Expert makes detailed suggestions for the amendment of China’s Wildlife Protection Law

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The Legal Work Committee of the China Biodiversity Conservation and Green Development Foundation, an independent Chinese environmental organisation, hosted a seminar on wildlife protection on the 6th of November. One of the points was to collect specific suggestions for the draft of the revised Wildlife Protection Law, which was recently made public in order to gather feedback. Over 10,000 people participated online, while the host and other experts joined the seminar in person. Dr. Zhu Jinfeng, a forensic scientist from the Academy of Forensic Science, provided insightful advice (in written form) for the amendment of the law.

Proposals to amend the Wildlife Protection Law were first initiated by nine organisations, including several prestigious Chinese universities, at the onset of the pandemic in February. Soon after the proposals were received by the Legal Work Committee of the Standing Committee of the National People’s Congress (NPC), the NPC responded with new restrictions on the trade and consumption of wildlife. It is reported that these new restrictions will remain valid until the law is officially amended and passed by the NPC in the near future.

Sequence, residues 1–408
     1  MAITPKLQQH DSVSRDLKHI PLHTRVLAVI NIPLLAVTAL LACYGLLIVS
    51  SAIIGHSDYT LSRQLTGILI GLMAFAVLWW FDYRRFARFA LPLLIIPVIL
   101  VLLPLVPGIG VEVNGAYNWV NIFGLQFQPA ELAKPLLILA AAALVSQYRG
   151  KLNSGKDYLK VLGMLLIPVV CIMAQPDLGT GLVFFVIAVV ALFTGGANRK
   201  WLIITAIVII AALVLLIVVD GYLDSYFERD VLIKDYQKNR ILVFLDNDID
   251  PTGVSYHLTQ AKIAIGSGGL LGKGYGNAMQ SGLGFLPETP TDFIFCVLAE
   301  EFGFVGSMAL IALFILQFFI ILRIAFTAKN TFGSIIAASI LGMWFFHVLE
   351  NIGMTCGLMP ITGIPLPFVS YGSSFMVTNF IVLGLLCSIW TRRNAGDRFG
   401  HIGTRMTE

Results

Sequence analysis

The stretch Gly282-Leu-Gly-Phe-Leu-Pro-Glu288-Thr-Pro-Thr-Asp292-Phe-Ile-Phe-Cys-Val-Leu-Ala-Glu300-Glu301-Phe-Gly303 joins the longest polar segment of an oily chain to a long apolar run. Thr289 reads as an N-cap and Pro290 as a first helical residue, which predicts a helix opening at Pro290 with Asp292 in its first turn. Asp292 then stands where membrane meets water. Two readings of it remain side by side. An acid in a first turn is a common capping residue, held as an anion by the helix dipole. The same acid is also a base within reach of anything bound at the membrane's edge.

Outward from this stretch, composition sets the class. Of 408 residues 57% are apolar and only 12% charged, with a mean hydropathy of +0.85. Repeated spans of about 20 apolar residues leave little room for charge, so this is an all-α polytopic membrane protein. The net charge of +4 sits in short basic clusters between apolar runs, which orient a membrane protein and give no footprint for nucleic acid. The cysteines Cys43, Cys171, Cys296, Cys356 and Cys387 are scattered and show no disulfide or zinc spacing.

In regards to the focus of the legal amendment, Dr. Zhu pointed out a number of prominent incompatibilities existing within the current wildlife protection programmes. For instance, he noted an incompatibility between the broadness of the types of animals being protected and the shortage of labour, facilities and resources available to protect wildlife. Dr. Zhu holds that in the existing law the objects of protection are referred to as “wildlife”, which includes a great variety of animals. But the challenge in practice is that there are limited departments, organisations, front-line staff that are working on wildlife protection and effective strategies available that can be employed to protect these animals.

Another incompatibility exists between universal protection strategies and special methods for key objects of protection. The existing law does not distinguish specific methods and strategies for wild animals according to their categories (for instance endangered animals, vulnerable animals and threatened animals); instead, only generic rules are introduced in the law. However, this approach will not be a productive one for wildlife protection due to the differing situations and needs of different animals. Furthermore, Dr. Zhu argues that the incompatibility between wildlife protection and human welfare is also a problem that needs to be tackled, since the ultimate goal of wildlife protection is to achieve the harmonious co-existence of human beings and wildlife. While the existing law does not have enough emphasis on this point, the amended law needs to display it in a clear fashion.

Based on these incompatibilities, Dr. Zhu provides some suggestions for the amendment of the law. He suggests, for instance, that in the amended law the concept of “harmonious co-existence of humans and wildlife” should be made more prominent by being placed in the first article of the law. Meanwhile, the duties and responsibilities of government bodies, organisations and communities regarding animal protection should be specified in order to avoid confusion and conflicts. In addition, Dr. Zhu recommends that the list of animals belonging to each category should be analysed and decided collectively by organisations from different sectors, with the aim of reaching a more sensible and scientific result.